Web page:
- Regulation of oil and gas – Most oil and gas regulations take place on a state level. All states have some measure of energy oversight and regulation. However, the amount of regulation in each state varies wildly based on the natural resources available in the state. States with large oil and gas reserves like Alaska and Texas might have a great deal of regulation on the state level. State regulations dictate how individuals and corporations may harvest, refine, transport and ultimately sell natural resources.
- International policies – Politicians and federal employees practice energy law by working with foreign governments to create and enforce energy agreements. Foreign governments meet to discuss energy use by agreement including through the U.N. Framework Convention on Climate Change. International leaders also develop policies regarding nuclear technology and weapons such as the International Agreement on the Non-Proliferation of Nuclear Weapons.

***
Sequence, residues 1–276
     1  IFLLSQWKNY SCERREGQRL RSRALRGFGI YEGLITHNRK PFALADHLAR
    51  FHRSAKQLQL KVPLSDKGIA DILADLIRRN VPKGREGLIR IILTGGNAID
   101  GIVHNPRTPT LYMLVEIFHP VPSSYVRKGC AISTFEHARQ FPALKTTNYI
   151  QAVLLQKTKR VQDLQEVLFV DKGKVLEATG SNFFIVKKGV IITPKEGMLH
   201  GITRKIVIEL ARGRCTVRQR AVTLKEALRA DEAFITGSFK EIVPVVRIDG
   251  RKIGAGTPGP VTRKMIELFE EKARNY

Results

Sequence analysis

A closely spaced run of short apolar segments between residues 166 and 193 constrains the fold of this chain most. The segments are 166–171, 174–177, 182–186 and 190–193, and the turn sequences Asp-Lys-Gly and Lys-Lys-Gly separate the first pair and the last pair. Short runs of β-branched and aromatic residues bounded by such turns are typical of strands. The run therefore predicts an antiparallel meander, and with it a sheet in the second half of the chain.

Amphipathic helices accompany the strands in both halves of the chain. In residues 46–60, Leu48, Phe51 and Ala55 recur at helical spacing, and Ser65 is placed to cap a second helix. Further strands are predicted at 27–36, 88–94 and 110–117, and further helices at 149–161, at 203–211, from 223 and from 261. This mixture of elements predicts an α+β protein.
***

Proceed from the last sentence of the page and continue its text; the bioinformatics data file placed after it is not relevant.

Energy laws and property law
On a micro level, energy laws connect property owners with the energy companies that want to harvest resources and bring them to consumers. Energy laws cross with the property laws and contract laws that say whether and on what terms utility companies can enter onto property in order to harvest energy or deliver utilities to customers. Under common law, property owners had control over the space underneath their land to the center of the earth. They owned the space above their land into outer space. However, in the United States v Causby, the U.S. Supreme Court said that there are practical limitations to these common-law theories of property law.